High-Dose Mycophenolate Mofetil in the Treatment of Posttransplant Glomerular Disease in the Allograft: A Case SeriesWu J.a · Jaar B.G.a · Briggs W.A.a · Choi M.J.a · Kraus E.S.a · Racusen L.C.b · Atta M.G.a · Samaniego M.D.a,b
Departments of aMedicine and bPathology, Johns Hopkins University, School of Medicine, Baltimore, Md., USA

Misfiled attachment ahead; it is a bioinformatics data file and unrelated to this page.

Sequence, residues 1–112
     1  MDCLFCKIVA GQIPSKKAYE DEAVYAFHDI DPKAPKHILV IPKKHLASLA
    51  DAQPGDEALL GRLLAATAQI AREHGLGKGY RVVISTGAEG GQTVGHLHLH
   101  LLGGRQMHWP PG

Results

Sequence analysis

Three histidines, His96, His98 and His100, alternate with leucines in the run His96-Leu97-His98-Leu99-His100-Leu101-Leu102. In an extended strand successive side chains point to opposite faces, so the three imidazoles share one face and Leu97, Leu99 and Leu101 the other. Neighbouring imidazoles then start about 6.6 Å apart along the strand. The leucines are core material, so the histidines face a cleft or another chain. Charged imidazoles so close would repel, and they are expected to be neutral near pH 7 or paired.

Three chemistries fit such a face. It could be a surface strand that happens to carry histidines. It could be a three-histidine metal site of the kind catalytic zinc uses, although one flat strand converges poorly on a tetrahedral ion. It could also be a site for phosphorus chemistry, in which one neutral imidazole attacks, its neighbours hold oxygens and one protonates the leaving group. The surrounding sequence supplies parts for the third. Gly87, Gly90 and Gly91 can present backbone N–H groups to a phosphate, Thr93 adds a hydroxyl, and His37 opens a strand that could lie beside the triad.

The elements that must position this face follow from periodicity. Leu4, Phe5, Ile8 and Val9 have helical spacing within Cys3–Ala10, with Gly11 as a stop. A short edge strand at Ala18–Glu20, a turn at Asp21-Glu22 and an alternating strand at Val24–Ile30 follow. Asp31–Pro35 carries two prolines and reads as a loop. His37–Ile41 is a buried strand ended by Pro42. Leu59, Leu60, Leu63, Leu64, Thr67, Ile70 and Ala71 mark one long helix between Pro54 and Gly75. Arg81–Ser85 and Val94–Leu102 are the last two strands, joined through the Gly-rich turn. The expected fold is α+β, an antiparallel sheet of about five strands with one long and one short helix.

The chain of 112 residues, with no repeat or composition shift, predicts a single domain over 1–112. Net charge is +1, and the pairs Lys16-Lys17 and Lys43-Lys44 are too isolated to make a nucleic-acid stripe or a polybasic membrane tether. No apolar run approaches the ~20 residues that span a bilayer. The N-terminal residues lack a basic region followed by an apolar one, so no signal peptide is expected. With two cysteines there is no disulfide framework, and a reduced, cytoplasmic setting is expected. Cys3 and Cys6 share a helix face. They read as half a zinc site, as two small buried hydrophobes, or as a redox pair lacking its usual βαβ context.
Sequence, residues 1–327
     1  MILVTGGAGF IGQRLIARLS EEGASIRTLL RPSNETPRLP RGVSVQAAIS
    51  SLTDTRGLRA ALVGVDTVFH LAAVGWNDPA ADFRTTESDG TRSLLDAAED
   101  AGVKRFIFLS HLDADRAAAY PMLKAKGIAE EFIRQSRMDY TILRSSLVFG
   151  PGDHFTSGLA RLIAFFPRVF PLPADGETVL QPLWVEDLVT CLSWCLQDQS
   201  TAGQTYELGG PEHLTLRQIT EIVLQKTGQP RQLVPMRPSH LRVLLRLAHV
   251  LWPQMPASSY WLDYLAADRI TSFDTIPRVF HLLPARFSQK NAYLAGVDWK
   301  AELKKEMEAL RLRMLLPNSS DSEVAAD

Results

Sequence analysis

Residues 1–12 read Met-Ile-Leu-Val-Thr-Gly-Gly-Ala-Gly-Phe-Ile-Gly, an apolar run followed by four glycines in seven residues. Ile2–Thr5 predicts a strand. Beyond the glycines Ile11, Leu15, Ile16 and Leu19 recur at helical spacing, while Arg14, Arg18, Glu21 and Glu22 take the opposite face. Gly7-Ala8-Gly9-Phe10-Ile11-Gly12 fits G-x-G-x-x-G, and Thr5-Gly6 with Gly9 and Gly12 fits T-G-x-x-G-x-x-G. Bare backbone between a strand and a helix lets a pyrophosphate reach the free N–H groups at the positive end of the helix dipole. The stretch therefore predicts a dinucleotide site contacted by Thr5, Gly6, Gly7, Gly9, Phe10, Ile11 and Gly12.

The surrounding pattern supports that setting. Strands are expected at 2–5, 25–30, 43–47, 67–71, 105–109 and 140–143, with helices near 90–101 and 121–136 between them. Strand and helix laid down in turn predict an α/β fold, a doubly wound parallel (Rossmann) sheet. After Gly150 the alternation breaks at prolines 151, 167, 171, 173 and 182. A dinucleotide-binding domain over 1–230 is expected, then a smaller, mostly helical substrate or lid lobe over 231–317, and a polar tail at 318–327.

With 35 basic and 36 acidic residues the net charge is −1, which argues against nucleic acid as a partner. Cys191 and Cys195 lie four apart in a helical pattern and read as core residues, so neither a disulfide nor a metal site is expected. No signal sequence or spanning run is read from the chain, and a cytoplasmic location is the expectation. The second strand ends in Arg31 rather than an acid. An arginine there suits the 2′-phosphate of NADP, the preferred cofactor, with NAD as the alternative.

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Background: Glomerular disease is an important cause of allograft loss. Treatment regimens for posttransplant glomerular disease are not well defined. Several reports have demonstrated that mycophenolate mofetil (MMF) is effective in treating native kidney glomerular disease. The effects of MMF are dose related. Therefore, we hypothesized that high-dose MMF (3 g/day) would be effective in treating glomerular disease in the allograft, minimizing the need for intravenous steroids and/or cyclophosphamide. This case series describes the results of the use of high-dose MMF in 6 patients. Methods: High-dose MMF (3 g/day) was used to treat biopsy-proven glomerular disease (focal segmental glomerulosclerosis, membranoproliferative glomerulonephritis, proliferative lupus nephritis, and perinuclear antineutrophil cytoplasmic antibodies glomerulonephritis) in 6 renal transplant recipients. Patients were offered this treatment if they had failed or did not tolerate standard treatment regimens. Remission was defined by a decrease or stabilization of serum creatinine, decrease in proteinuria and, where applicable, improvement in immunological markers of disease. Results: All 6 patients had disease remission after starting MMF with the most common side effect being leukopenia, which responded to dose reduction. Conclusions: High-dose MMF may be an effective agent in treating glomerular disease in the allograft.
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